The Lion's Busy
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|The Lion's Busy|
|Directed by||I. Freleng|
|Produced by||Edward Selzer|
|Story by||Tedd Pierce|
|Music by||Carl Stalling|
|Animation by||Arthur Davis|
|Layouts by||Hawley Pratt|
|Backgrounds by||Paul Julian|
|Distributed by||Warner Bros. Pictures|
|February 18, 1950|
The Lion's Busy is a Looney Tunes cartoon made in 1948 but not released until 1950 and re-issued in 1960 as Blue Ribbon Merrie Melodies, written by Tedd Pierce and directed by Friz Freleng. It features Leo the Lion (who had previously appeared in The Lyin' Mouse, Hold the Lion, Please and Acrobatty Bunny) and Beaky Buzzard (who had previously appeared in Bugs Bunny Gets the Boid and The Bashful Buzzard), both voiced by Mel Blanc. This cartoon is the first time Blanc voices Beaky due to Kent Rogers' death in 1944, and the final appearance of Leo the Lion from Looney Tunes cartoons until Tweety's High-Flying Adventure in 2000.
Leo the Lion (who now speaks with an Irish accent in this cartoon), on his tenth birthday, receives a book as a present, and after finding out that lions rarely live beyond ten years, a hungry Beaky Buzzard, who turns out to be the one who had sent the book to him in the first place, takes the chance to eat him for his meal. What follows is a series of attempts by Beaky to eat Leo, starting with making him slip off a cliff using a banana peel to try and kill him. After he lands, Beaky makes a burger out of Leo's tail, which he tricks Leo into biting so he will jump up in pain. Beaky proceeds to catch the lion in a roasting pan and starts to prep him for dinner.
Leo comes to his senses and then points out to Beaky that he should wait until he is dead before he tries to eat him, since buzzards typically eat their prey well after they are "decently deceased." When Beaky refuses to back down, Leo instead attempts to beat him with a club. But Beaky evades every swing and takes cover up in a tree, which Leo tries to climb to reach the buzzard and try and beat him up. But Beaky slicks up the tree trunk with oil just as Leo reaches him, making him slide down the trunk, running into hard branches along the way, and crashing hard against the ground, causing Beaky to mockingly tell him, "You really oughta be more careful, Mr. Lion."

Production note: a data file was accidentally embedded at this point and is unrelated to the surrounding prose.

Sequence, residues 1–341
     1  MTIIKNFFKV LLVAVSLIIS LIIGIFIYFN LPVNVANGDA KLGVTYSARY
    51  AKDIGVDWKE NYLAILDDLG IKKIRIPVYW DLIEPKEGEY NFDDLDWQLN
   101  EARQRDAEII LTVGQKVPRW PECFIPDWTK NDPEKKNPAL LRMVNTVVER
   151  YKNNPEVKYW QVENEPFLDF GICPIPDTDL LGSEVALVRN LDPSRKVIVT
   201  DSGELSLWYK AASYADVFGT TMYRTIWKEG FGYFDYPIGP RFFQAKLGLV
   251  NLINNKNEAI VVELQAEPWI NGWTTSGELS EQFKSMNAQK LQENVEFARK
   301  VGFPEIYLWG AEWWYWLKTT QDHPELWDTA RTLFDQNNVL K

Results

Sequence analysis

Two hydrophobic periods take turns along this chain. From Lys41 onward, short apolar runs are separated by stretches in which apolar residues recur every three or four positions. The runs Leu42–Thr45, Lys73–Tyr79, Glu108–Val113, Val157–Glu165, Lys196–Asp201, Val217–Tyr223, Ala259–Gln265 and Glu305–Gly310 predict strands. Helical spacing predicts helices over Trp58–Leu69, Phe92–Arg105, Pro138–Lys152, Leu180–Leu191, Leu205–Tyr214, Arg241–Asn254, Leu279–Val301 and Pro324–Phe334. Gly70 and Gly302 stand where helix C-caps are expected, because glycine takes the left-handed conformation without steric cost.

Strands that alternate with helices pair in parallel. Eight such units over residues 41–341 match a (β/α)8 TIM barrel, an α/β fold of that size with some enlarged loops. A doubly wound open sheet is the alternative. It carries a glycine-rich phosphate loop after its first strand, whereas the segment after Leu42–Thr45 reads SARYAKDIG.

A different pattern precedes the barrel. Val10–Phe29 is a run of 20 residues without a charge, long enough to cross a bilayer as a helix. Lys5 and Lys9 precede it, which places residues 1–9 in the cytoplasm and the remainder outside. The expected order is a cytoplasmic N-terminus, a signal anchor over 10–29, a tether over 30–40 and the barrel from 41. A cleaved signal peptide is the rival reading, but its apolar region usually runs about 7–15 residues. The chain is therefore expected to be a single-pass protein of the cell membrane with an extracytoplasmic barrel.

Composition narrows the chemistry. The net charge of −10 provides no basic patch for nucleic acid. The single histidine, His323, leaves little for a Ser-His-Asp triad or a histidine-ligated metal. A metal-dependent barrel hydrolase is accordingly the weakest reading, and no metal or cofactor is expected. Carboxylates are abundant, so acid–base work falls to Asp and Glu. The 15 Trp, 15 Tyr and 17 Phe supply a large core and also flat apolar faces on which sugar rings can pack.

Leo makes another attempt to get up the tree, now using climbing hooks to avoid any attempt by Beaky to make him slip again. Seeing this, a startled Beaky thinks fast and, out of nowhere, adds on the trunk of another tree to give Leo more trunk to climb. Leo is initially shocked and frustrated by this, but continues his climb, only to find out that Beaky has added yet another tree trunk to the tree. Leo keeps on climbing until he finally reaches the top, where he hopes to find Beaky. But Beaky has since flown down to the bottom and starts to chop the tree down, with Leo still in it. Leo is frightened by this, as he has now gone up an incredible height, and he tries to dissuade Beaky from chopping. But Beaky chops it down anyway, yelling Timber as Leo crashes to the ground, making Leo to feel dazed. He comes up seconds later and smells Beaky attempting to cook his tail, which he has now tied up to look like sausage links.
Finally fed up with Beaky, the dimwitted Leo tries to escape to the moon by a rocket. Unfortunately, by the time he arrives, he finds Beaky already there, waiting to eat him. Leo hides in a cave on the moon and barricades himself inside for years. But the stress and paranoia of knowing that Beaky is outside, still waiting to eat him, finally gets to him one day, and he comes out to surrender himself to him. But so many years have gone by, Beaky can no longer eat meat, instead only being able to eat marshmallows, one of which he offers Leo.
The cartoon was believed to be in the public domain and it can still be seen on low-budget public-domain DVD compilations.